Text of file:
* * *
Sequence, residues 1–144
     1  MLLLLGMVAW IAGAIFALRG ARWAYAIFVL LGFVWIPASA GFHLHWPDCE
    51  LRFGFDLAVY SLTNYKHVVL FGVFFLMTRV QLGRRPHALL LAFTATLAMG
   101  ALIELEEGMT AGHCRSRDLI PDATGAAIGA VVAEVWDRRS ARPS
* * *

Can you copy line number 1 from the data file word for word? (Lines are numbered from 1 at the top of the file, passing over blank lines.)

Sequence, residues 1–144